8 Calculus, Unit 1, Lesson01_teacher, page 2 Again, the it seems to be approaching 6. Notice that for our function f(x) = x 2 5x, f(2) = 2 2 5(2) = 6. So why use the tables to find what the function value approaches as x approaches 2? Why not just evaluate f(2) and be done with it? The fact is, we can do exactly that if the function is a polynomial. If f(x) is a polynomial, then: f(x) = f(a) x a Example 1: Evaluate x 3 (2x 3 x + 1) Approaching from the left: Consider this table from the previous page. Notice that we are approaching 2 from the left. The notation for this one sided it is: x f(x) = x 2 5x Approaching from the right: Consider this table from the previous page. Notice that we are approaching 2 from the right. The notation for this one sided it is: x f(x) = x 2 5x

9 Calculus, Unit 1, Lesson01_teacher, page 3 Only when the its of a function from both left and right agree can we say what the it is in general: If x a f(x) = L and f(x) = L then f(x) = L x a + x a In the following two examples, state the general it in it notation and the numeric answer (if it exists). Example 2: f(x) = 11 and x 3 Example 3: f(x) = 11 f(x) = 4 and f(x) = 4 x 3 + x 2 x 2 +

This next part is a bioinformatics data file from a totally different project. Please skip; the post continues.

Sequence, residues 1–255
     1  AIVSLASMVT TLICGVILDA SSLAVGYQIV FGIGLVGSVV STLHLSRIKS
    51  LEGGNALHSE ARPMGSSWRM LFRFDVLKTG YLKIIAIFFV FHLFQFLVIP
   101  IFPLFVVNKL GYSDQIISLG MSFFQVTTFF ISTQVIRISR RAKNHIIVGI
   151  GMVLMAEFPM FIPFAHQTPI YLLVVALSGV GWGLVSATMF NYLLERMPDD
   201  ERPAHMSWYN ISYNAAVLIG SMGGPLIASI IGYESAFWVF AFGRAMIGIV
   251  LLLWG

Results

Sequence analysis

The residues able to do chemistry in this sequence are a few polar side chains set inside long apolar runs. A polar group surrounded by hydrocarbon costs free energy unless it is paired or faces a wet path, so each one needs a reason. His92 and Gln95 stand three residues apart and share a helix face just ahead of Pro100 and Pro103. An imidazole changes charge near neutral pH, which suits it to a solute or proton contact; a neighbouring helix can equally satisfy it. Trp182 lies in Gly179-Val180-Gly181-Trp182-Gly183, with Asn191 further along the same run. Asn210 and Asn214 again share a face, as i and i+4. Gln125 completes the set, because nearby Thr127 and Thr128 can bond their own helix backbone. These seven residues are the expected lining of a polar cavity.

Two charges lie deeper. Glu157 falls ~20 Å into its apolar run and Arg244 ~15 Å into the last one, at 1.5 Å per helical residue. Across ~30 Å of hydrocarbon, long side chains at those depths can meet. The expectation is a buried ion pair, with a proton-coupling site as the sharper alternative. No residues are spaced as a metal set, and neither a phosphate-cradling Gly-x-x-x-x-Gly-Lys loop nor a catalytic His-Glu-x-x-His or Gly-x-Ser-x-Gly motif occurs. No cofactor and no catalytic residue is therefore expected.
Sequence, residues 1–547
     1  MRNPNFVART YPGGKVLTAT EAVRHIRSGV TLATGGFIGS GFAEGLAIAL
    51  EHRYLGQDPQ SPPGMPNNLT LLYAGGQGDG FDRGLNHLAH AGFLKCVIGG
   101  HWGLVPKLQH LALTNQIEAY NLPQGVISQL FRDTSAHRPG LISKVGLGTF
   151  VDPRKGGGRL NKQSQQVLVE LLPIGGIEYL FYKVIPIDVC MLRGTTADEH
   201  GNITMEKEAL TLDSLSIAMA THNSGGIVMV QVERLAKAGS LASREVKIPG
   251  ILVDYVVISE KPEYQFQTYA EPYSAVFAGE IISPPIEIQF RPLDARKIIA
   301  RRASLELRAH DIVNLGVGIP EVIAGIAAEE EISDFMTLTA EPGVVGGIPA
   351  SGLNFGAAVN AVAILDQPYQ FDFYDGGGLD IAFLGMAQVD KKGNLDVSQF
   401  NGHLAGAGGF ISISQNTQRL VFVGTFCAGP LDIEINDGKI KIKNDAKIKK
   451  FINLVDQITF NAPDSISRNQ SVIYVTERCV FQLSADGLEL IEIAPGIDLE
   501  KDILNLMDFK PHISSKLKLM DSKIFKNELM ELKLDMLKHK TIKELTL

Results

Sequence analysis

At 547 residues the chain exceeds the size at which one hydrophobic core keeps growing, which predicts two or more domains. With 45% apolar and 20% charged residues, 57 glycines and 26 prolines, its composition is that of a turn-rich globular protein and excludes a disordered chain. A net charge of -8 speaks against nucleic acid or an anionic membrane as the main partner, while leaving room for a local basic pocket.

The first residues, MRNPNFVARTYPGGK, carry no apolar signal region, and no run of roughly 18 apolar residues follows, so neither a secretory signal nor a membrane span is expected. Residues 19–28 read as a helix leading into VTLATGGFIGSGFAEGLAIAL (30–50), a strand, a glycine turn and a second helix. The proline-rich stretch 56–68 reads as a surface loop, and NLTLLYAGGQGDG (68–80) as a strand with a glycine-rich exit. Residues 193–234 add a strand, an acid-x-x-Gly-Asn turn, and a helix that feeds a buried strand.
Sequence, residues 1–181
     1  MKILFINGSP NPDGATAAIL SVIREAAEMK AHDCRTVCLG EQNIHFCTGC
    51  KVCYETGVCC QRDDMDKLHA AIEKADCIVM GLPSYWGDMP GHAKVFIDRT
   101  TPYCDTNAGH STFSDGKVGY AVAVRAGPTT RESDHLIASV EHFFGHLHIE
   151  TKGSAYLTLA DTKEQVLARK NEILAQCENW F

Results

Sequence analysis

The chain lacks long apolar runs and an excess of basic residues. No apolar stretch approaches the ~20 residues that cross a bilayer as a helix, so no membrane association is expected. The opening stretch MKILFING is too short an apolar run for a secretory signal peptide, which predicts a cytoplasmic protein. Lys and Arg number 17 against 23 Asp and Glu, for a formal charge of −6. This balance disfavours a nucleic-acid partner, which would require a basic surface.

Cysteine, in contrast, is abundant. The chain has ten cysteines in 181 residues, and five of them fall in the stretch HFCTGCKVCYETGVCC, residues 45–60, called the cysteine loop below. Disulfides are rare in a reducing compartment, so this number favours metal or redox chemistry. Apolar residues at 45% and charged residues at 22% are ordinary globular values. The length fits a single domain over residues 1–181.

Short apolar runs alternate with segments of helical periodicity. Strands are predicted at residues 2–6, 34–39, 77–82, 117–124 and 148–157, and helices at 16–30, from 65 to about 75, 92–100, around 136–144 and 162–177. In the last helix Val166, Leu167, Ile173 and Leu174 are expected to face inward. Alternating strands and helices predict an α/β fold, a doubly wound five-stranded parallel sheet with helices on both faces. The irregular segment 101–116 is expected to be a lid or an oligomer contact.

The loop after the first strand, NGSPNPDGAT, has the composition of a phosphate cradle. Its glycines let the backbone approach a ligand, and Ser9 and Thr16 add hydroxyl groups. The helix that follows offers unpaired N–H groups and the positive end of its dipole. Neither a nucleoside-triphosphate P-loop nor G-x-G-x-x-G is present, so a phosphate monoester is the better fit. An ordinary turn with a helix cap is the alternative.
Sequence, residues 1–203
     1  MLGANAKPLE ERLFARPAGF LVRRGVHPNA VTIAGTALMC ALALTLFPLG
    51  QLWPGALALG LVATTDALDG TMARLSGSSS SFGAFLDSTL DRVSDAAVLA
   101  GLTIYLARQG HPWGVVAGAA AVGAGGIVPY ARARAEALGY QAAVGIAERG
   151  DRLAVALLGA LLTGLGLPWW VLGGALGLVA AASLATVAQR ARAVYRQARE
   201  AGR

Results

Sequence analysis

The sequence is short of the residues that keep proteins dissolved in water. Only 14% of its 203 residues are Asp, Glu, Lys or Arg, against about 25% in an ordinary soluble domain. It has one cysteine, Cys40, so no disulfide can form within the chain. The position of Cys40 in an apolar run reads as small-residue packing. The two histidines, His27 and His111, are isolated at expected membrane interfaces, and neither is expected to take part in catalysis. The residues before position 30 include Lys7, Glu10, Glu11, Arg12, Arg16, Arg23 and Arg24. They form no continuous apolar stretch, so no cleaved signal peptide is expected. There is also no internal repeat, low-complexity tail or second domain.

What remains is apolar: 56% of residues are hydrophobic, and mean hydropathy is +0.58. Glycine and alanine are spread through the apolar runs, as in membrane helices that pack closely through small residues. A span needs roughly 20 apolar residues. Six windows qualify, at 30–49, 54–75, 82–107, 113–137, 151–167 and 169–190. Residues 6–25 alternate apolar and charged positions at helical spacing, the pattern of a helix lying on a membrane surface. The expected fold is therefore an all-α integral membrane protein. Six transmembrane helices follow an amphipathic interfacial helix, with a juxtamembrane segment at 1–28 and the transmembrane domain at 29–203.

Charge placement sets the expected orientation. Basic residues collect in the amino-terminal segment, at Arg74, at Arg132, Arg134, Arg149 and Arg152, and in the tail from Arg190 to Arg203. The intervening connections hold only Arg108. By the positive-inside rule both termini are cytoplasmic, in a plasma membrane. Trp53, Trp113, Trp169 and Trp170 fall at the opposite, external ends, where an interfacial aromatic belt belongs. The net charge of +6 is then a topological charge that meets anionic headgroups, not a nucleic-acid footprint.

10 Calculus, Unit 1, Lesson01_teacher, page 4 Assignment: 1. Write out this it expression in words. x 4 (x3 + 1) The it as x goes to negative four of x cubed plus Convert The it of the square root of x plus 1, plus x, minus 3, as x goes to 17 into the mathematical notation for its. 3. Evaluate x 4 (x 2 + 8x 1) 4. Evaluate x 1 ( 5x 3 + x 2 + 2) In problems 5 8, state the problem in it notation and what it seems to be approaching. If no apparent it exists, then so state. 5. x f(x) x f(x)

11 Calculus, Unit 1, Lesson01_teacher, page 5 7. x f(x) x f(x) No apparent it 9. Write out this it statement in words. x a +(x3 + 1) = m The it as x approaches a from the right, of x cubed plus one equals m. 10. Convert The it as x approaches b from the left, of f(x). into mathematical terminology using it notation. In problems 11-14, use the two one-sided its to state the general it in it notation and the numeric answer (if it exists) f(x) = 1 and f(x) = 1 f(x) = 0 and f(x) = 0 x 0 x 0 + x 47 x 47 +

12 Calculus, Unit 1, Lesson01_teacher, page f(x) = x 2 x 1 x f(x) = 1 & f(x) = 1 + x 0 f(x) = 1/(x 5) x 5 f(x) =? & f(x) =? + x 5